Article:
LeBron James has back-to-back NBA titles and MVP awards. (David Santiago/Miami Herald)
With the Larry O’Brien Trophy in his left hand and the Bill Russell NBA Finals MVP trophy in his right, an exhausted LeBron James stood as if to say, “What can you say now?”
Two-time champion. Two-time Finals MVP.
At some point, folks, an old playground saying has to come into play, especially after the Miami Heat and San Antonio Spurs participated in arguably the best Games 6 and 7 of all time.
Game recognize game.
After being dared by the Spurs to take perimeter jumpers for six games, James confidently, assuredly, finally made them pay with five 3-pointers and crucial outside shots — including the dagger with 27 seconds left — to seal the championship.
Thirty-seven points, 12 rebounds and four assists and two steals.
He shut down Tony Parker, who’ll escape any type of public criticism despite being called the best point guard in the game.
Tim Duncan missed a point-blank layup that could’ve tied the game with less than a minute left, which led to James’ 18-foot jumper. Duncan will face no public shame, nor should he.
But if it weren’t for Shane Battier’s six 3-pointers or Dwyane Wade reminding folks he very well could be the fourth-best shooting guard in NBA history, or Ray Allen hitting a step-back 3-pointer to send Game 6 into overtime, the Spurs would be champions today.
"You need a little bit of luck to win a NBA title,” James said afterward. “And we had Jesus (Ray Allen) on our side."
Without that luck, James would be facing an avalanche of criticism from those who couldn’t get past his moments of youthful hubris, who couldn’t recognize his growth and maturity since leaving the nest and comfort of home three years ago.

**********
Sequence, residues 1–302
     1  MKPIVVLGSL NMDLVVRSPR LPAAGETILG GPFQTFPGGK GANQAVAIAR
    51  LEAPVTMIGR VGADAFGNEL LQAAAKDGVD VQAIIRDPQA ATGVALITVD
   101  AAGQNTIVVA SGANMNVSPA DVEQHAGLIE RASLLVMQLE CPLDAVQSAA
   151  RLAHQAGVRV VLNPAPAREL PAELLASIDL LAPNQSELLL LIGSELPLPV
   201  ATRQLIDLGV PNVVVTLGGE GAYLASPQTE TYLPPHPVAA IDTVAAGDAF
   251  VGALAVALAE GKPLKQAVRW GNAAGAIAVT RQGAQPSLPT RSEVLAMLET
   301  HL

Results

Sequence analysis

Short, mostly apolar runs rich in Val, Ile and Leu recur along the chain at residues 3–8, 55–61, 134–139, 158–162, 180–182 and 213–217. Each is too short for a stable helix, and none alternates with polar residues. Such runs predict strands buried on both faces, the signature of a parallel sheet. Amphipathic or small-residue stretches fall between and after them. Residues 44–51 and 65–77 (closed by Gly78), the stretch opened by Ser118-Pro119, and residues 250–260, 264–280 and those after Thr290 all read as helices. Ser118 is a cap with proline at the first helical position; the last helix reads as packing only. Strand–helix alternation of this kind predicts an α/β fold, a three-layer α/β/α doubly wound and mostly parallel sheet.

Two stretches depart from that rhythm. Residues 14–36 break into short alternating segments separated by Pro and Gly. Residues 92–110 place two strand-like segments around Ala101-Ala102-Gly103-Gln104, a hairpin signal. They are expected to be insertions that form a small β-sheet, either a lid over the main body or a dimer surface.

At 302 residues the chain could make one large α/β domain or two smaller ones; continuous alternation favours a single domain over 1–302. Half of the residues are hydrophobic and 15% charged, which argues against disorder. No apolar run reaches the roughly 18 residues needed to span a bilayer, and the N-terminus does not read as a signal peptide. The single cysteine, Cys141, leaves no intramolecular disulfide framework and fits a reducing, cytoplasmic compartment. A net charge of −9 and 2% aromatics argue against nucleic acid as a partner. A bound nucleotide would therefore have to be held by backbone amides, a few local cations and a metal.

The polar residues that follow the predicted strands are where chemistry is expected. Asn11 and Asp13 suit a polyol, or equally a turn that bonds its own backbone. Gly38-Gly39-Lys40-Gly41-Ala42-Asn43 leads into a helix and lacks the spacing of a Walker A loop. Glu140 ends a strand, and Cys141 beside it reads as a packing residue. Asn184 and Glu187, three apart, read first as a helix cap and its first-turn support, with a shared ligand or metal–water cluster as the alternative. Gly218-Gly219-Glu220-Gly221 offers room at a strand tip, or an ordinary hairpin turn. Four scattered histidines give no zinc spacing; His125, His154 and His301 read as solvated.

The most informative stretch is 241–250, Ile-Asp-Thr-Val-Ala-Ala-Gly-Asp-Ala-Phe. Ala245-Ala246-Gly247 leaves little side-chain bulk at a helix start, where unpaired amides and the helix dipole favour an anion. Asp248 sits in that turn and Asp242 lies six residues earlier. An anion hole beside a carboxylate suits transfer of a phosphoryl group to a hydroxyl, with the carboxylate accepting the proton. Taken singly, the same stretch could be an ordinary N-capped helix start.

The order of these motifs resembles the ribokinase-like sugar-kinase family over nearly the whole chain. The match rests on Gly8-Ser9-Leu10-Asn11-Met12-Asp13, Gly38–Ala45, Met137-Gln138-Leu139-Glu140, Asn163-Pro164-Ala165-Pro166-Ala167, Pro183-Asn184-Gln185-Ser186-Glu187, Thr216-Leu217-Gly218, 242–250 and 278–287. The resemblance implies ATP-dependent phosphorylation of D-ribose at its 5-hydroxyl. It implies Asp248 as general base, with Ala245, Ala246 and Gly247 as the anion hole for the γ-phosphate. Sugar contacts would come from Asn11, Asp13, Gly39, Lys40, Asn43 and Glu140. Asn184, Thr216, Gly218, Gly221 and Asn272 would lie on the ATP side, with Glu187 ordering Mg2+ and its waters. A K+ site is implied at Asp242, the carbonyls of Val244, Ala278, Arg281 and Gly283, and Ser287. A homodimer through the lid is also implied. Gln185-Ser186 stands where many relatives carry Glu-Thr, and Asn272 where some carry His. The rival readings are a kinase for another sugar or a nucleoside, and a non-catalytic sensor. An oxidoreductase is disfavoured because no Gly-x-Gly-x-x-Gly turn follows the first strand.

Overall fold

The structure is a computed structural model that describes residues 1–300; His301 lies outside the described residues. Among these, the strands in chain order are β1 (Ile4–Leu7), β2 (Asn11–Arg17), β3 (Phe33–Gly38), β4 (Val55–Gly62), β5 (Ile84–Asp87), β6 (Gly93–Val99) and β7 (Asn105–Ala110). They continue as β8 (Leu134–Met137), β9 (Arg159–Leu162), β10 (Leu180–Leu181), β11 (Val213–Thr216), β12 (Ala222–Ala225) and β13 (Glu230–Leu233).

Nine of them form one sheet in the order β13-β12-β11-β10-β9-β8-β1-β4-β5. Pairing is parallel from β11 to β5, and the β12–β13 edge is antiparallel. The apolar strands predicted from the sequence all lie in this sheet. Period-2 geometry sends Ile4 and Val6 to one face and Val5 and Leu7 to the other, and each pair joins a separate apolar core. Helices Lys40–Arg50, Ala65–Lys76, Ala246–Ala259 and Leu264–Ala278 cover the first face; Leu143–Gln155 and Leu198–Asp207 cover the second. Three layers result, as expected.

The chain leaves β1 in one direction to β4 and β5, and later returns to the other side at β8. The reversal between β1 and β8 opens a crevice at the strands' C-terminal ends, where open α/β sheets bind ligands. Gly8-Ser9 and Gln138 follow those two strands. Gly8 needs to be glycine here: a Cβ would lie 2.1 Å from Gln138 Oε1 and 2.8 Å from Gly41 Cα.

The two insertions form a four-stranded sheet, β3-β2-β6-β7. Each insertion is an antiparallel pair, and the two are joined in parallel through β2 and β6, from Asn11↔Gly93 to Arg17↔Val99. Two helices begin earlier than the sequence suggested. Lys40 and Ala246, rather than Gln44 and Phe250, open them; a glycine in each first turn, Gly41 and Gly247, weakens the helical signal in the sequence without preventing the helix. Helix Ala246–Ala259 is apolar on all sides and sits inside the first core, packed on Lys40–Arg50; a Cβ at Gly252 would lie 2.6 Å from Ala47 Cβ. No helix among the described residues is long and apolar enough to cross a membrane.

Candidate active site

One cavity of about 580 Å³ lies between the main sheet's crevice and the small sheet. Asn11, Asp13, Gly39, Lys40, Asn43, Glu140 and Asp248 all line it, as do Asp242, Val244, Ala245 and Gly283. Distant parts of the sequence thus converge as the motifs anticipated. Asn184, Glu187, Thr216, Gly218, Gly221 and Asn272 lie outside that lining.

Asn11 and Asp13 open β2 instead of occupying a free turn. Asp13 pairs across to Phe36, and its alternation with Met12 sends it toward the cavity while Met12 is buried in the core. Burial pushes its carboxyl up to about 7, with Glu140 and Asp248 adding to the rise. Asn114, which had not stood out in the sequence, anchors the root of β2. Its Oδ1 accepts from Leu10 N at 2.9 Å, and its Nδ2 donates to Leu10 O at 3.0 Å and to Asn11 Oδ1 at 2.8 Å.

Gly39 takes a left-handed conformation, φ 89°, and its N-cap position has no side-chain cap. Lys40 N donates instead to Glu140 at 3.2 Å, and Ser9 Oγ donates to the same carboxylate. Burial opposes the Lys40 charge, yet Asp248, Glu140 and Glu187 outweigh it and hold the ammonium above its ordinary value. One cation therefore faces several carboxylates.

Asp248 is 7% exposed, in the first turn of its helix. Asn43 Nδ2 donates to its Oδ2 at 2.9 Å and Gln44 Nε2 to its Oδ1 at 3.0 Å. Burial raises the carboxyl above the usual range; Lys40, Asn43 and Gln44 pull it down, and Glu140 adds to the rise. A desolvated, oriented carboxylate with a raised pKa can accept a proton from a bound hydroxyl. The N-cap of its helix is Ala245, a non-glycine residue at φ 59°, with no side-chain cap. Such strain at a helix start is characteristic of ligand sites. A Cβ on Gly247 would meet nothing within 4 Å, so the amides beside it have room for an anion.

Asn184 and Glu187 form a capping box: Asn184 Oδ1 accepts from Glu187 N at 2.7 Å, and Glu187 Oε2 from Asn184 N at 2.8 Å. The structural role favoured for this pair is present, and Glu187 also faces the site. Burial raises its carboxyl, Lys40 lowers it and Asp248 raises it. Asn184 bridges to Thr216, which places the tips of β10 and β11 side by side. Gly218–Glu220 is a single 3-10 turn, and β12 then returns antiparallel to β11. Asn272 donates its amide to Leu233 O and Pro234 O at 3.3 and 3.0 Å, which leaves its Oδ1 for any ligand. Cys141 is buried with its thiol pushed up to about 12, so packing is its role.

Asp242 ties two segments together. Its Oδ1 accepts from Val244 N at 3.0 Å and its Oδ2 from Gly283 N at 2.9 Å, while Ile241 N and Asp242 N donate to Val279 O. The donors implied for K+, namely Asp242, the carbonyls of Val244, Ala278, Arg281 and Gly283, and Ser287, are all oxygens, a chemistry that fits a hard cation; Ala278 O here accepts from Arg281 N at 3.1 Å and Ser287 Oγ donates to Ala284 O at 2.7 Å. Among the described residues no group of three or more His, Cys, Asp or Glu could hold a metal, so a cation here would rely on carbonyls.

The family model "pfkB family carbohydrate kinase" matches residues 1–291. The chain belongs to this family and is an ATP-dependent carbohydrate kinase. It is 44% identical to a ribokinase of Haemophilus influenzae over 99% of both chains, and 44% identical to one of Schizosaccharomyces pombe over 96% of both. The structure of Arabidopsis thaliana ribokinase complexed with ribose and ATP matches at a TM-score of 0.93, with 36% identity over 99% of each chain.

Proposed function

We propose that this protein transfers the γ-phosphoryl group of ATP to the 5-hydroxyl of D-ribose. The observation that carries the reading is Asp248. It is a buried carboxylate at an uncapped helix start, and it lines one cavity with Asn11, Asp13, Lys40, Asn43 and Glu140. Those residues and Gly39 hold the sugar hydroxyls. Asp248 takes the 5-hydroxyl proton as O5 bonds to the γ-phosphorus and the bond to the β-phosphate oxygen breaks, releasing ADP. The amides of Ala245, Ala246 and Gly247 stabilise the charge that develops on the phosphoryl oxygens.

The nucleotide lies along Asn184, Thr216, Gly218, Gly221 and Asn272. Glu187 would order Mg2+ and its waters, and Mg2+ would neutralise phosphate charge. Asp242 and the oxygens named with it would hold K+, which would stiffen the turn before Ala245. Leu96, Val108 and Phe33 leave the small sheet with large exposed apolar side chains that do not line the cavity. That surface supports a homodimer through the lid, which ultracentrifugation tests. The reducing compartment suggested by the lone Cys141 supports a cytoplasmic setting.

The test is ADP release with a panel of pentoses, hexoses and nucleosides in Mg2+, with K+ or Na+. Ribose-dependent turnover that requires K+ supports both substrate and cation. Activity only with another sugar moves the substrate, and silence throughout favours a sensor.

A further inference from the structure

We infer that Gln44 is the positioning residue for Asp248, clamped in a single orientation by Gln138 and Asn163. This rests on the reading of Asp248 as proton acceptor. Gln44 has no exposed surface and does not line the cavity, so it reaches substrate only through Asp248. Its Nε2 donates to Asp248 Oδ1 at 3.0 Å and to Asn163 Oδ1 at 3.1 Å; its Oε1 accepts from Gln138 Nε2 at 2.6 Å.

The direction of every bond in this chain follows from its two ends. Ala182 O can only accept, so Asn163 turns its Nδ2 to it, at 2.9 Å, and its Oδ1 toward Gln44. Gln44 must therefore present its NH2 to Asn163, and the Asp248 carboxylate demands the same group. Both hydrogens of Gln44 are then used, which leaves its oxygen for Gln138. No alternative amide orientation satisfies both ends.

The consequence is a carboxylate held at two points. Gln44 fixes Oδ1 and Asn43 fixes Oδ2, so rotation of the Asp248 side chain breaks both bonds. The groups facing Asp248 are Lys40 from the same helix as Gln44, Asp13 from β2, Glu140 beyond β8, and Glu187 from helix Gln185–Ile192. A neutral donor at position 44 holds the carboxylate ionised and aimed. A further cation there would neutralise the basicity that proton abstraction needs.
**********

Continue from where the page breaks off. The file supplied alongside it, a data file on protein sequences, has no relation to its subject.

In a lot of ways, his carrying the severely undermanned Cleveland Cavaliers to the 2007 Finals would be used against him, because a team that had no business on the Finals stage doesn’t bring perspective or nuance. All it represented to critics was a notch on the right side of his NBA Finals’ ledger, making it sounds like it would’ve been better had he not performed so historically against the Detroit Pistons in the conference finals that year.
After that 2007 NBA Finals, James and Duncan embraced in a back hallway, as Duncan told James the league would one day be his. Thursday, James sought out Duncan on the floor in the immediate aftermath, a quiet moment for several seconds of appreciation for one another, of mutual respect between champions and players who likely rank in the top 10 of all time.
“They pushed us to the limit,” said James, graciously giving respect to a class organization, a worthy opponent.
The Spurs and Heat, like great boxers, elevated the level of each other’s game.
The Heat kept giving body blows, but the Spurs kept coming, led by young and precocious Kawhi Leonard, who wasn’t fazed by a Game 7, or James, or the stage.
Yes, Manu Ginobili had a disastrous game at the worst time, and Danny Green came crashing back to earth after making everything for the first half of the series. But Chris Bosh went scoreless, too.
Those details don’t matter, and it didn’t matter to Spurs coach Gregg Popovich, who embraced Wade and James after the game, seemingly in appreciation of what he just witnessed.
Both teams emptied their reservoirs, exhausted their physical and mental gas tanks, and one team, one man stood above all.
Enough with the insta-slams
It’s high time we stop criticizing and acknowledge what we just witnessed from all sides.
Furthermore, we have to stop judging James shot by shot, quarter by quarter, game by game as if his legacy rides on every single thing he does.
No other athlete in today’s instant-reaction, social-media heavy world has to deal with the constant evaluation James does.
Missed shot: “He’s a bum!”
Made shot: “He was supposed to hit that!”
How silly is that?
We penalize him because he’s not Michael Jordan, but who is? Jordan is nonpareil, and although Jordan had the demons that haunted him named the Detroit Pistons and was heavily criticized for it, he was given a blank canvas as far as becoming a champion.
James, in a lot of people’s eyes, has to follow directly in Jordan’s footsteps before he can be mentioned as great.
How about a noble concept: Give LeBron James the same opportunity to create his own legacy and realize even if the Spurs won, we’re watching something historic and that James wasn’t worthy of criticism after last night.
At some point, game recognize game.